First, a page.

Friday, April 15, 2005

What's your blood type?

I'm a big fan of Richard Dawkins, author of The Selfish Gene and other good science books. Just finished his latest book, The Ancestor's Tale, all 600-plus pages. Yet another good book if you're into that science/evolution kind of thing. A little heavier into the explanation of how science is done than I need, but some people will like those parts, and the rest of us can skip to what they learned as a result.

Some random thoughts:

*Do you have type A, B, or O blood? I have type A blood, determined by a certain gene in my DNA, a gene that has a shared common ancestor with everyone else with type A blood. If your gene gave you type B or type O blood, that gene is also related to me, but only in a far more distant common ancestor that diverged into the three types. Here's the fascinating thing Dawkins points out: chimps also have type A, B, and O blood. The divergence into different genes long preceded our species' divergence, six million years ago. As far as my type A gene is concerned, it's more closely related (maybe I'm more closely related) to a chimp with type A blood than a human with type B blood. Wrap your mind around that.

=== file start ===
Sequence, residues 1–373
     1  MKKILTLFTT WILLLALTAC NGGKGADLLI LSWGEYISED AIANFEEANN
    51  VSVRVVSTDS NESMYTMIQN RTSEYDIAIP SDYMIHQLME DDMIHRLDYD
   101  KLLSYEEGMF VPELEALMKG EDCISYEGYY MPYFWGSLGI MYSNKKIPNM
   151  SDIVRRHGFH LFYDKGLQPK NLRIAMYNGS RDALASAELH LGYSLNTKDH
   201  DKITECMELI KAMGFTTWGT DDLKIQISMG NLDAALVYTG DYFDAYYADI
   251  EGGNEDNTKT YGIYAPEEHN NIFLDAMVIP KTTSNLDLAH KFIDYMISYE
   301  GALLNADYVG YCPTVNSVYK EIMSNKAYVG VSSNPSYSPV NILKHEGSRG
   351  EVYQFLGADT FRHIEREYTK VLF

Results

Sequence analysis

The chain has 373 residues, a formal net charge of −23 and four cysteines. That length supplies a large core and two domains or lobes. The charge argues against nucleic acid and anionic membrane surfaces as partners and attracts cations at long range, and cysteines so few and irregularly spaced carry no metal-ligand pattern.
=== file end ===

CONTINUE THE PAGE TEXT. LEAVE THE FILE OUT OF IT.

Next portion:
*Another relationship that's surprising: sharks, trout, and us - which two of the three are most closely related? George Bush and a rainbow trout have a more recent common ancestor than the rainbow trout has with Jaws.

*Dawkins describes an evolutionary arms race between species as a kind of treadmill where no one gets ahead: prey get faster, predators get faster. Predators develop venom, prey develop venom resistance. Dawkins says there is no way to call a truce in the race, according to the rules of natural selection. I'm not sure that's completely true though. At a certain point, the efficiency trade-off in the arms race is outweighed by putting effort in other directions that could actually reduce the arms race. Territorial predators spend energy and risk death by excluding and killing other predators, when the predators could be hunting prey and having more babies. The prey species, facing reduced pressure, survives by getting better at growing and reproducing, more so than by getting better at evading predators. Another example would be trees converting leaf-eating monkeys into fruit-eating monkeys, or parasites converting into symbiotes. I expect Dawkins wouldn't disagree with this, but just say it's obvious that no trend can go on forever.

One more thought about the arms race: to the extent it's true, you should expect populations of both species to decrease. It takes more energy to conduct a hunt at 40 miles an hour than at 20 miles an hour. Resources spent on the chase, on building heavier body armor or stronger fangs than one's ancestors have to come at a price - you either get worse at something else, or you have fewer babies. This seems like it should be a testable proposition over a broad range of species, at least in theory.

Anyway, an excellent book - check it out.

Keywords: evolution, Dawkins, apes

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